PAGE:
2018 | Schools

Montgomery Blair High School Students Launch Online Model Predicting Outcomes of Congressional Races

Political statistics class hopes to provide information, encourage people across the country to vote Tuesday

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Teacher David Stein and students in his political statistics class have created an interactive model that predicts the outcome of races in each congressional district in Tuesday's general election.


Curious how the Maryland congressional elections will shake out Tuesday?

Montgomery Blair High School students might have the answer, plus potential results of every other congressional race across the country.

A group of about 70 students taking teacher David Stein’s political statistics class at the Silver Spring school created BlairOracle, an interactive model that predicts the outcome of races in each congressional district based on former election results, polling data, demographics and other factors. In the hotly contested District 6 race in Maryland, for example, the students’ model predicts Democratic candidate David Trone of Potomac will beat Republican Amie Hoeber, also of Potomac, garnering 57.8 percent of the vote to Hoeber’s 42.2 percent.

Beginning on the first day of school, students have spent much of the school year researching, gathering data and designing the model, which was recently made available to the public.

“The idea is to take a very complicated question for which there isn’t a clear answer, and it’s not obvious how to answer it, and find a way to take data and make a model,” Stein said. “The election is obviously topical and to predict 435 races is really difficult in terms of weighing the politics, math, coding and communicating, so it’s a perfect problem for this class.”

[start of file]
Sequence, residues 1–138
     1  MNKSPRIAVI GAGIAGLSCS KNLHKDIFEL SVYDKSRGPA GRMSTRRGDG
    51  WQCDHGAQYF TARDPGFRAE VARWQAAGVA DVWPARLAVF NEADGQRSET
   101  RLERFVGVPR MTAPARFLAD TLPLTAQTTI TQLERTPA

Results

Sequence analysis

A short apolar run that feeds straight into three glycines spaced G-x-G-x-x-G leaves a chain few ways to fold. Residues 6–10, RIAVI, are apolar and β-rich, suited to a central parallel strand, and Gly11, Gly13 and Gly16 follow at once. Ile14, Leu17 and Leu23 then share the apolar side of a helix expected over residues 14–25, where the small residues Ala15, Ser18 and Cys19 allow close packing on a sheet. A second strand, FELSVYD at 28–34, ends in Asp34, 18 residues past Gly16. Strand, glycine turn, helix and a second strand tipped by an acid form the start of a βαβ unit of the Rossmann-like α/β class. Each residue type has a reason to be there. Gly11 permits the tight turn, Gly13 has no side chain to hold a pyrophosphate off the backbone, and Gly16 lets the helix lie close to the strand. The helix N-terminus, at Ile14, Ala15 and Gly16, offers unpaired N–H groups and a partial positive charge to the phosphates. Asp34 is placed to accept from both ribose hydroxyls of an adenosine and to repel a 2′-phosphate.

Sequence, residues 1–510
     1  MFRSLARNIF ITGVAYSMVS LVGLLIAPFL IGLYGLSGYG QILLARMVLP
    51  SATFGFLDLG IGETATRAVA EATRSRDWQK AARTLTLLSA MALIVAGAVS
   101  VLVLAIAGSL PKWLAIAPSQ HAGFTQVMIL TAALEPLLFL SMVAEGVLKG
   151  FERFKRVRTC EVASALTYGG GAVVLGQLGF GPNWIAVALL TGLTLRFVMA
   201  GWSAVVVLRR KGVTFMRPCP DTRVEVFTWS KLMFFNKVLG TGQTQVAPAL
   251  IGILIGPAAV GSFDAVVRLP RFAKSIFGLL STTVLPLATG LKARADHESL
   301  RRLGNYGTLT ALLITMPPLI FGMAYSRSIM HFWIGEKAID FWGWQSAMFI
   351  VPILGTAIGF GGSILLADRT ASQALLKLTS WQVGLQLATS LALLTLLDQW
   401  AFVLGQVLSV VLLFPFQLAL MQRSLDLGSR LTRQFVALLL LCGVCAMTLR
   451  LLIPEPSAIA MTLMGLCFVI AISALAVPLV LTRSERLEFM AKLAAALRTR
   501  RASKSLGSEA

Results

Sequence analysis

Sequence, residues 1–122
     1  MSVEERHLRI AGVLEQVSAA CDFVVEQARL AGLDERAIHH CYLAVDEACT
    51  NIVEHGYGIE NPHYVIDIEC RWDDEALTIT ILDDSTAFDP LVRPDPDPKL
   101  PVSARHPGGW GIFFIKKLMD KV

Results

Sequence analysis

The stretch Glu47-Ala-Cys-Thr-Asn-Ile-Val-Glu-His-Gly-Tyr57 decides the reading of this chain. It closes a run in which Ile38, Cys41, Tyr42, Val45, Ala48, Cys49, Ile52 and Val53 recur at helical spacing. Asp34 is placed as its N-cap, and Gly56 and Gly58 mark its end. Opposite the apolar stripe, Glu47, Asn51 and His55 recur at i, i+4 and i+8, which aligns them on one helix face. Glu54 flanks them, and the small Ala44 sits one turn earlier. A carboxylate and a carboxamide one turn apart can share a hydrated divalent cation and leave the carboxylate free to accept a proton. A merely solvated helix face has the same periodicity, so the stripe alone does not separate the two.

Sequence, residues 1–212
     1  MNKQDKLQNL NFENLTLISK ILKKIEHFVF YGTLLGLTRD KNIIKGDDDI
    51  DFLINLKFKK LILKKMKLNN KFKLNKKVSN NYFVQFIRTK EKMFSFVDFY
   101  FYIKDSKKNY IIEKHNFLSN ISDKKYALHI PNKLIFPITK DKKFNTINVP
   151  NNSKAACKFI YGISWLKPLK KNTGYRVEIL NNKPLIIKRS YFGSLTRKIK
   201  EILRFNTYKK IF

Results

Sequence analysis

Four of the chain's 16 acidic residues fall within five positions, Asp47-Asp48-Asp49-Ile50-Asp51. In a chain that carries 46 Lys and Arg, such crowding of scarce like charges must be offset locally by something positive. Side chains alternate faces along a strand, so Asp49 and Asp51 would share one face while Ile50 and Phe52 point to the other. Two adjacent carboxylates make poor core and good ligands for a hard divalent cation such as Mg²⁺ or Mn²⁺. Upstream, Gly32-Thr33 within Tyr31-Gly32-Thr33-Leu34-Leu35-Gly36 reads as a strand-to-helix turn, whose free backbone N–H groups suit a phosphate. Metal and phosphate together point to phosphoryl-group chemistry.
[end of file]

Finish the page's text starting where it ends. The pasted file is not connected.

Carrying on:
Students say what sets their model apart from others is their commitment to transparency and lack of bias.

For each congressional district, students outline a short description of the candidates and their history, then predict the percentage of votes each candidate will receive, along with the chance of each candidate winning his or her respective race.

Senior Ian Rackow said the model isn’t intended to be perfect, though it would be great if it was. Rather, it is supposed to encourage voters to be more informed when they head to the polls.

“We want people to know there are predictors, but there a lot of different ways to interpret the information, and that voting is really important,” Rackow said.

Students said they compare their model to that of FiveThirtyEight, an established and well-known political election forecaster. The BlairOracle closely mirrors FiveThirtyEight’s predictions, but differs slightly and students said they’re excited for election results to roll in on Tuesday to see whose predictions are the closest to being correct.

Along with compiling the data and making it easily understandable, students were tasked with transmitting their final product to the public, via social media and regular blog posts about various issues and factors involved in election results. The goal is simple: Reach as many voters as possible.

“We’re hoping that people become more aware of what happens in the election and, at the same time, we’re trying to get people to vote while promoting education and statistics,” senior Steven Qu said.

And, so far, their work has generated mostly positive feedback, earning a shout-out on Twitter from U.S. Rep. Jamie Raskin of Takoma Park, various Montgomery County Board of Education members and community members.

Senior Abigail Lo said she hopes all of those people remember that a group of high school students, who can’t yet vote, created the model, so anyone else who is inclined to find information can do it, too.

“I think there is a lot of misinformation and miscommunication, and I think hard data will help voters know what to do and keep them informed as to what actually is happening,” she said. “Stay informed and don’t go into the polling place uninformed.”